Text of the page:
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MS SQL data file on SSD hard disk

Posted on 2012-12-21
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Dear sir,

Right now we have a study on the use of SSD on the .mdf or .ldf files, what is the choice of you guys? use SSD for .mdf or .ldf files ?

if the size of SSD hard disk is not large enought, might not be good for both?

can we only use SSD for tempdB?

DBA100.
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Question by:marrowyung
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by:Guy Hengel [angelIII / a3]
Guy Hengel [angelIII / a3] earned 50 total points
ID: 38712430
I'm not an IT guy, so I cannot check this directly...
but others have done it:
http://www.ramsan.com/resources/whitePapers/44
http://www.novicksoftware.com/Articles/sql-server-ssd-solid-state-disk.htm
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by:TempDBA
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ID: 38715984
In our organization, we have placed both data and log file for a single database which needs lots of I\O processing in a single ssd. This mayn't be a good solution, but to keep the throughput constant, we need to keep them in a similar disk. There might be other solution to this.
It can be used for tempdb if the temporary objects creation is more.
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by:marrowyung
ID: 38716444
Hi both,

it seems that as long as the Windows server can detect it and mount it as a driver, SQL server can use it?

it seems that SSD will have a short life time than SATA hard disk , am I right?

So using SSD is not good for SQL server?
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by:Guy Hengel [angelIII / a3]
ID: 38716852
>it seems that as long as the Windows server can detect it and mount it as a driver, SQL server can use it?
yes

>it seems that SSD will have a short life time than SATA hard disk , am I right?
I cannot judge on that, I am not an IT/Hardware guy
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by:xema
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For what I've read, yes they have a shorter life sepan. Also the server controller is important You should try prepare a raid 0 And do daily backups, as the ssd can fail And not be recuperable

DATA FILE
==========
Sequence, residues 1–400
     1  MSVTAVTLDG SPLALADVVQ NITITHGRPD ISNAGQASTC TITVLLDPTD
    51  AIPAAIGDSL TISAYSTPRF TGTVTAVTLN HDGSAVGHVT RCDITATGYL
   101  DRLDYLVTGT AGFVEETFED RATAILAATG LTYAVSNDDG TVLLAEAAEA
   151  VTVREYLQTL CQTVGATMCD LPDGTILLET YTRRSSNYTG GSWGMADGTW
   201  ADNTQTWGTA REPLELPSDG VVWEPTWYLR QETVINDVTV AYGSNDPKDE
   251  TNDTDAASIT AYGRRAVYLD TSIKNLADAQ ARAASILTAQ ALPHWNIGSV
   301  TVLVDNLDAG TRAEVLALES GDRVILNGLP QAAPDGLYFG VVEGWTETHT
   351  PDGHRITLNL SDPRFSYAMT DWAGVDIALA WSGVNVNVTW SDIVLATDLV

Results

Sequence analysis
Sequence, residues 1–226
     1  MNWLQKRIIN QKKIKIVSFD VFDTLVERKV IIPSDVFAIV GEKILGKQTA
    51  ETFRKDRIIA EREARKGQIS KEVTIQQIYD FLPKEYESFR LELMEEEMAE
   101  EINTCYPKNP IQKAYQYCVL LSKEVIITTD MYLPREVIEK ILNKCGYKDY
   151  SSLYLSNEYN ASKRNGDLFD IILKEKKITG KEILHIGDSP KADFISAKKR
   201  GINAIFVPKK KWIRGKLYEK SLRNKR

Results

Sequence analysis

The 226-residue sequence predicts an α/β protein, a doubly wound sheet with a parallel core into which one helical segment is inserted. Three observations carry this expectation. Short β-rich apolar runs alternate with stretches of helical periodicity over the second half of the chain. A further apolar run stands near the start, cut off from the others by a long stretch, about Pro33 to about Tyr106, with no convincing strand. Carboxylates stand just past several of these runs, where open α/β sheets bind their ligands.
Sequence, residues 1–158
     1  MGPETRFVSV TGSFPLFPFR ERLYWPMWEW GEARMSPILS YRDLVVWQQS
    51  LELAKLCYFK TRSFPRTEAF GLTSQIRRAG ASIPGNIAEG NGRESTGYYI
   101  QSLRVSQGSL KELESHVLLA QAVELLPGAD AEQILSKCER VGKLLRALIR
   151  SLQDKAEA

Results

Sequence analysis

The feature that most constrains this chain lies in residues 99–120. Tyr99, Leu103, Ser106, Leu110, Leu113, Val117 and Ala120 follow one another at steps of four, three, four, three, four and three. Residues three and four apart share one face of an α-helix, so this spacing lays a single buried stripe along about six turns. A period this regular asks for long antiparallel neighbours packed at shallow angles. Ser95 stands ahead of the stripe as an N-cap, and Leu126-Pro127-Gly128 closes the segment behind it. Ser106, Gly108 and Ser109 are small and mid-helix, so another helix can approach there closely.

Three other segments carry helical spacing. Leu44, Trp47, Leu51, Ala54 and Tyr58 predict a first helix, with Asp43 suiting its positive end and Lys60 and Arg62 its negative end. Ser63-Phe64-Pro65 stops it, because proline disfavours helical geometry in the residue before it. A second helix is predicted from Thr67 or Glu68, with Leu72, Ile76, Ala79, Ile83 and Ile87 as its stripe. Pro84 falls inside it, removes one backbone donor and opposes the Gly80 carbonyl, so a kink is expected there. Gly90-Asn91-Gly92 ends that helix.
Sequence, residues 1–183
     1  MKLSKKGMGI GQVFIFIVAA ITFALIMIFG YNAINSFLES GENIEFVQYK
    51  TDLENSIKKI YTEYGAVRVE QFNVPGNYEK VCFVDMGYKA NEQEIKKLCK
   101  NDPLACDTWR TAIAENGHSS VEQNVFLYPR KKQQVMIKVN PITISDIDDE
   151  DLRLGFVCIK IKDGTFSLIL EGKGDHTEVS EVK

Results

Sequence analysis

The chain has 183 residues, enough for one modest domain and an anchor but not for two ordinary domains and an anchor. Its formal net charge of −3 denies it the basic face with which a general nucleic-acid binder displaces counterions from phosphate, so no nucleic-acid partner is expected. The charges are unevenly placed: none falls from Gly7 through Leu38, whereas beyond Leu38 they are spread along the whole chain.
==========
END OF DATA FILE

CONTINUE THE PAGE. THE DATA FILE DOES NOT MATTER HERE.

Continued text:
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Mark Wills earned 300 total points
ID: 38725843
SSDD's definitely have a shorter life span, for data that is being rewritten all the time then it can become a shorter life time than desired.

However, if you can manage your database properly - like set the size so it doesnt always shrink and grow - then for OLTP style transaction (ie write once, read many times) then the SSD is a terrific solution for your MDF.

Highly re-written data like the log files isnt quite as well suited. Though the speed is significantly greater and the average life span is worth the extra performance.

Would be inclined to use multiple SSD's - one for MDF (and manage that properly to ensure or maximise life and should last for ages), then another (others) for TEMPDB and LOG which are easy enough to recreate should there ever be a problem.

I am using SSD's and enjoy the performance greatly....
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by:Mark Wills
ID: 38725853
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by:Mark Wills
ID: 38725886
Oh, and found an interesting "best practices" from Dell (no doubt there are others like it out there) http://www.dell.com/downloads/global/solutions/public/white_papers/Dell_SQL_EqualLogic_SSD.pdf

And quite enjoyed reading that performance piece from AngelIII link to novicksoftware.
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by:SelfGovern
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Do NOT use RAID 0 for any kind of business data that is anything other than temporary, fully re-creatable without loss of data, business, money, or customers.

RAID 0 *multiplies* the risk of data loss by the number of disks you're striping across.   A 4-disk RAID 0 is at least 4 times the risk of losing all your data as compared to a single disk.  And you've already been told above that SSDs may be less reliable than spinning disk.
Key questions:
1) How much data can your business afford to lose?  The last transaction?  A few seconds' worth?  A minute's worth?  An hour's worth?   A day's worth?
2) How long will it take you to rebuild your database when one of your disks fails?  A few hours?   A day?  
3) How many sales/dollars/customers will you lose while you are rebuilding your database?

Hardware is cheap.  Add a fifth disk, make it RAID 5, and for a very low cost, you'll decrease your chance of losing data to far below the chance when you have a single disk.

Note that the EqualLogic white paper doesn't say anything about RAID 0.  Leave that for the L33t gamers who think they need every possible IOP, and who don't have any valuable data.
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by:marrowyung
ID: 38726209
mark_wills,